“People need date night, not just because they need time to talk, but also to set the stage,” she said. “The newness, the eroticism of the relationship is gone, but you can still flirt with your husband of 40 years. We know what desire looks like: ‘I love the way you look in that suit,’ or ‘I’ve been thinking about tonight.’ If you stop doing those things, you can get bored of each other really quickly.”
Just like any other aspect of a relationship, maintaining passion is a daily task that starts with connecting with one another on a more basic level, Schwartz said, like asking how the other person is doing — making time to communicate with him or her. Having a strong overall connection with your partner can help lay the foundation for a stronger relationship in the bedroom. Not only is general conversation essential, but so are communication and foreplay in the bedroom, Schwartz said. Tell your partner what you want, what feels good, what you fantasize about.
“If you love someone, it’s supposed to give you license to be more intimate than a one-night stand,” she said. “How do you make (sex) special between the two of you? Part of that is trust and acceptance and being kind and open to each other.”
There are so many reasons sex might not be happening as frequently in a long-term relationship, Schwartz said. But one theory has captured headlines all over the world.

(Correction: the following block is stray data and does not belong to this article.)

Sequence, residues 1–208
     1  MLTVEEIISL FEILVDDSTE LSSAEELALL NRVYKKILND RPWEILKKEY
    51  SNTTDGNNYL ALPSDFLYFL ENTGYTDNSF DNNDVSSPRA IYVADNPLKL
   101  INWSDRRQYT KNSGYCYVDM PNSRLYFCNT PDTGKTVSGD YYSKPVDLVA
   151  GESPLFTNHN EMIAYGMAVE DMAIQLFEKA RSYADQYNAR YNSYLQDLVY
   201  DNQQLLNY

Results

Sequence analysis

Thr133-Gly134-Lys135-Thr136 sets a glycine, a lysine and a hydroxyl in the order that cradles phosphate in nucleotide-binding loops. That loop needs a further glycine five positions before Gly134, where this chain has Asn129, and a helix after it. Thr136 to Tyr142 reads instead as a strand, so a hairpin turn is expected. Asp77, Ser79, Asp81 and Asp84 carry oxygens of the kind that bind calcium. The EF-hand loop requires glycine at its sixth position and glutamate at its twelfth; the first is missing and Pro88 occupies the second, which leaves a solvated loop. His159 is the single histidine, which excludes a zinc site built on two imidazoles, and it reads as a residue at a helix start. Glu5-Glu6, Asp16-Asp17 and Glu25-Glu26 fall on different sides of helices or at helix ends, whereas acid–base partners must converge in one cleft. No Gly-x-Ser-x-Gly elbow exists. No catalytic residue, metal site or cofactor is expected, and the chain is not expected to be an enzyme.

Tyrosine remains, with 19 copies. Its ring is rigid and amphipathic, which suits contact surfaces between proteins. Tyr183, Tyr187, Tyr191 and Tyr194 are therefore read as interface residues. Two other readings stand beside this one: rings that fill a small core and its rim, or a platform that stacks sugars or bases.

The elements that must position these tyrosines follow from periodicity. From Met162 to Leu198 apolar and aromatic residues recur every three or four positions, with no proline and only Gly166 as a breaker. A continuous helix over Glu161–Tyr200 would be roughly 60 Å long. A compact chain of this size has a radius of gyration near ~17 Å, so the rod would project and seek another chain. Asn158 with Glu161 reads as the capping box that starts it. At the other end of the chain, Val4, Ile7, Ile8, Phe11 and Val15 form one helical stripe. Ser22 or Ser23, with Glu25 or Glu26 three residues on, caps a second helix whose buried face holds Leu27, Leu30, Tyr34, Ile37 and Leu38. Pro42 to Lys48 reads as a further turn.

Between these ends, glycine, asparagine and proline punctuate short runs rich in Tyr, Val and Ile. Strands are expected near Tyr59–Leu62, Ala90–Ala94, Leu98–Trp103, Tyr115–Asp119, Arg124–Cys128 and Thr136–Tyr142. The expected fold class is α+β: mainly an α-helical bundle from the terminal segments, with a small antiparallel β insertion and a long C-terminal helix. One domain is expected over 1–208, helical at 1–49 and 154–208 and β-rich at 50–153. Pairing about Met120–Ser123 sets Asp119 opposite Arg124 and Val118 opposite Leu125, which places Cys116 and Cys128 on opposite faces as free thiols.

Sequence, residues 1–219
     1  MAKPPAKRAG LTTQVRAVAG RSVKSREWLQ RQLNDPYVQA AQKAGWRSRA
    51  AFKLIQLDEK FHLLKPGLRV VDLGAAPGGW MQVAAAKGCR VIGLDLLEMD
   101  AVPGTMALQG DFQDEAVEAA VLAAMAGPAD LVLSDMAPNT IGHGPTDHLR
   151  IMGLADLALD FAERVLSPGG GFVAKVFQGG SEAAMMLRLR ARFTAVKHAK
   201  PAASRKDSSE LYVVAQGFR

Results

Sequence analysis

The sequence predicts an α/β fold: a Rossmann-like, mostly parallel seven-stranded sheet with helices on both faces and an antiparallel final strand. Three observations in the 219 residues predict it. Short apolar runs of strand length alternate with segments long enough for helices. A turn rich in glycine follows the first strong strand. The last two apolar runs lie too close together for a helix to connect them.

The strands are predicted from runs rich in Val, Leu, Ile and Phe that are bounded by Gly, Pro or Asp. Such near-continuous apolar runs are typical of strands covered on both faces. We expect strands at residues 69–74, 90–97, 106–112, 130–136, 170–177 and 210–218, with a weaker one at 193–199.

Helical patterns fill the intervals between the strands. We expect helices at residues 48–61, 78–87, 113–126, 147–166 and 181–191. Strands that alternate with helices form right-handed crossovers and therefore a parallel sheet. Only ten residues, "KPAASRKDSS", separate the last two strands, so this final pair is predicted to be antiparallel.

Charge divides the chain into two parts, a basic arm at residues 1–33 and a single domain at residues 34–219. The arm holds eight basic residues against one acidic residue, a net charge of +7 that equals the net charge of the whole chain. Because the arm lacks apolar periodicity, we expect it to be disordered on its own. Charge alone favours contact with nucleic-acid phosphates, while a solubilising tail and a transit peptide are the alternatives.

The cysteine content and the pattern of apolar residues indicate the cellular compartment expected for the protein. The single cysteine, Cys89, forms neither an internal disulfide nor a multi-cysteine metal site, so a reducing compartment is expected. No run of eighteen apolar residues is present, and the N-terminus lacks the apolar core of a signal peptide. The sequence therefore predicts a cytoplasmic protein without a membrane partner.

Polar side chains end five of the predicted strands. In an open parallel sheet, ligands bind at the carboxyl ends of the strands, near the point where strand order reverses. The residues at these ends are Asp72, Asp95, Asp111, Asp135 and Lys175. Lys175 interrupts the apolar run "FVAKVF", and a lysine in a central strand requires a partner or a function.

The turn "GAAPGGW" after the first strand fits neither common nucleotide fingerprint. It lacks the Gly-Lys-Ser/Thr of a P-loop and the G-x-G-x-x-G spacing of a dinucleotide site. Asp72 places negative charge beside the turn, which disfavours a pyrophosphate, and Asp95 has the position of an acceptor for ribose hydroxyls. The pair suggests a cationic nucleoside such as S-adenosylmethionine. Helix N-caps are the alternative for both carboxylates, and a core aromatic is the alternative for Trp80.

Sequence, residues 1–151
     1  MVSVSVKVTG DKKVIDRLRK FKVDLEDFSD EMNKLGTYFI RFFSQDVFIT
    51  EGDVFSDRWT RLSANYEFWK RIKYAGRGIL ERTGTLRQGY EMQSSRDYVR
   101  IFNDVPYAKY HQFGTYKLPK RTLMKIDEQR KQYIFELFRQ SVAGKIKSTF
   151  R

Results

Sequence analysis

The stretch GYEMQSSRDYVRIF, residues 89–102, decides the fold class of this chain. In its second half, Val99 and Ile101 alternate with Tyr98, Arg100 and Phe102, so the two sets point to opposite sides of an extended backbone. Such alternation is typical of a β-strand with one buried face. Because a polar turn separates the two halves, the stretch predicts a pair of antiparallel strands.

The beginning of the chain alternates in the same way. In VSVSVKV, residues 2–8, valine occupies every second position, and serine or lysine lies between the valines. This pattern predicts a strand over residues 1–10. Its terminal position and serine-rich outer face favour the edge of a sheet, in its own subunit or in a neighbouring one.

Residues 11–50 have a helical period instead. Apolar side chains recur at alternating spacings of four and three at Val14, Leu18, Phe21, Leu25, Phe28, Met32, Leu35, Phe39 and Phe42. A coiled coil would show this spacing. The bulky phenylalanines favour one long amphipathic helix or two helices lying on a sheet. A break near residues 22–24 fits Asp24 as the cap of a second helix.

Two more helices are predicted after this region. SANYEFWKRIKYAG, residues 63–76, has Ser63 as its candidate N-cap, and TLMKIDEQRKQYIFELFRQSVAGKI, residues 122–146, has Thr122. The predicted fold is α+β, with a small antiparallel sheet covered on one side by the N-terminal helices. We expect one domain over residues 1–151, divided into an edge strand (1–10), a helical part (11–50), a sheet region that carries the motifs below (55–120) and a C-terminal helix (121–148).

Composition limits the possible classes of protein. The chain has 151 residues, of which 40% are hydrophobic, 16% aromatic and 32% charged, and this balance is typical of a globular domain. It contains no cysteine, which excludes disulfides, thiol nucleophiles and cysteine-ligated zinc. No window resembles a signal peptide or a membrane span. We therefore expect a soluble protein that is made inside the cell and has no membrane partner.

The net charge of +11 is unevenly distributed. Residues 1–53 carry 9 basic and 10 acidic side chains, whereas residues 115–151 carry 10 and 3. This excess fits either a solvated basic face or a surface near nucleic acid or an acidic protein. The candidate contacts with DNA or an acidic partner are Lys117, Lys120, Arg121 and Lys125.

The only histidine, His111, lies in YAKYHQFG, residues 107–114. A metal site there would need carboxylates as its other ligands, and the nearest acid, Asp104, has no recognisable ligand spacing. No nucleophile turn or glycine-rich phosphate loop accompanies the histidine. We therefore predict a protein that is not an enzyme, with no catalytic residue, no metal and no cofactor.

A 2013 study published by the American Sociology Review entitled Egalitarianism, Housework, and Sexual Frequency in Marriage set out to determine whether men who do more household chores have more sex. Anyone who’s married knows how frustrating it is when you feel like you’re the one doing all the dishes or all the laundry. So, one might think that when those duties are being shared, then both people feel happier overall and will therefore have more sex.
The answer? Probably not.
The study revealed couples who have more equity in their relationship — including incomes and splitting housework — have sex 1.5 times fewer times per month than those where the man doesn’t do any daily chores. One-and-a-half times isn’t a big marginal difference, but it is interesting to explore the psychology behind how gender roles affect our sexual desires.